Graduate Theses & Dissertations

Human Activity and Habitat Characteristics Influence Shorebird Habitat Use and Behaviour at a Vancouver Island Migratory Stopover Site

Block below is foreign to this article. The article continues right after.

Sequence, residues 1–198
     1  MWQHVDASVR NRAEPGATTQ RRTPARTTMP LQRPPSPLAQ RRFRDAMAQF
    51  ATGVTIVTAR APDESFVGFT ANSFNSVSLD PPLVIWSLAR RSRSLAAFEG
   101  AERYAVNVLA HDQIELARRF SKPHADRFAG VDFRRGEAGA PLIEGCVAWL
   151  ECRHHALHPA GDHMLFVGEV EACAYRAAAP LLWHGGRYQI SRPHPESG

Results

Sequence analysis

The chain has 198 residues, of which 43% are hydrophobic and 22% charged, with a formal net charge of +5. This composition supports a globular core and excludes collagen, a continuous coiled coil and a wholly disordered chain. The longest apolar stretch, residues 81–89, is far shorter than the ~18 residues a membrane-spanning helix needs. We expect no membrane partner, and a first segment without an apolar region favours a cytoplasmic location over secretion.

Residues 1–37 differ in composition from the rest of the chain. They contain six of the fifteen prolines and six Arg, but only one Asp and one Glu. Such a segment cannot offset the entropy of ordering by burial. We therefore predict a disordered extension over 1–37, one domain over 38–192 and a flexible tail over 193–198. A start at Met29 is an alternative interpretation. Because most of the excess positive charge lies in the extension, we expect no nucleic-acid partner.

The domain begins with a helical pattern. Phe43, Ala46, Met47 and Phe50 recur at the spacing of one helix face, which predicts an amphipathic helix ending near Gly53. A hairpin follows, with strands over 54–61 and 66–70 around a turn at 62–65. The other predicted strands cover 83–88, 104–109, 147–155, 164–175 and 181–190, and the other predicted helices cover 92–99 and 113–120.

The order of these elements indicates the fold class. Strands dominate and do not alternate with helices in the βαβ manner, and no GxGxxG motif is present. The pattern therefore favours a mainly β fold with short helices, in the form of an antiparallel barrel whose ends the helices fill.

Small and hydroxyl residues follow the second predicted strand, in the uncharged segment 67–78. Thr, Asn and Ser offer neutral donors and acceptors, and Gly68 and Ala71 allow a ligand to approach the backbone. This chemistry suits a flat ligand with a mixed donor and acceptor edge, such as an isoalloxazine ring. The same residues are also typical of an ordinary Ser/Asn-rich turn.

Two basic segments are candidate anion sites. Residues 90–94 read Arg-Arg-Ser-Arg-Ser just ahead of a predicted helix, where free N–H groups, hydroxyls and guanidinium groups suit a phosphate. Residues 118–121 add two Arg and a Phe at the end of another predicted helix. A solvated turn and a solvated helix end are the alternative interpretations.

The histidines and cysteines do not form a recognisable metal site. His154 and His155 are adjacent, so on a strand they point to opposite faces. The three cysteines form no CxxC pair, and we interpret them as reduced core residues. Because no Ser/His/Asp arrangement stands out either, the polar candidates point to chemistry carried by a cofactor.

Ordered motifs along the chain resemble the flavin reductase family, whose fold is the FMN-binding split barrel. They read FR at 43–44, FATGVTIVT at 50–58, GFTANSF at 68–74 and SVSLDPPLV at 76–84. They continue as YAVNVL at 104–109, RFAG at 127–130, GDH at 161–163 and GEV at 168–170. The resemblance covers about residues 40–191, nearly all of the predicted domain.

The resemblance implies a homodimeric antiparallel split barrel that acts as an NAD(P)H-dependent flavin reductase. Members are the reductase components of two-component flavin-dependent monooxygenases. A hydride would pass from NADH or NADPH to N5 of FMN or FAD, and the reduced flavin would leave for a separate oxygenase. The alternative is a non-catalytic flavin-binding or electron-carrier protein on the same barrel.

Pacific Rim National Park Reserve's 16 km of coastal beaches attract many thousands of people and shorebirds every year. To identify locations where shorebirds concentrate and determine the impact of human activity and habitat characteristics on shorebirds, I conducted shorebird and visitor surveys at 20 beach sectors during fall migration in 2011 to 2013 and spring migration in 2012 and 2013. The probability of shorebird presence decreased with increasing number of people at a beach sector. The time that shorebirds spent at a sector increased with increasing sector width. Close proximity to people increased the proportion of time shorebirds spent moving while shorebirds spent more time moving and less time foraging on wider beaches than on narrower ones. My findings suggest that placing restrictions on beach access and fast moving activities (e.g., running) may be necessary to reduce shorebird disturbance at Pacific Rim and similar stopover areas. Author Keywords: habitat use, human disturbance, predation risk, prey availability, shorebird, stopover

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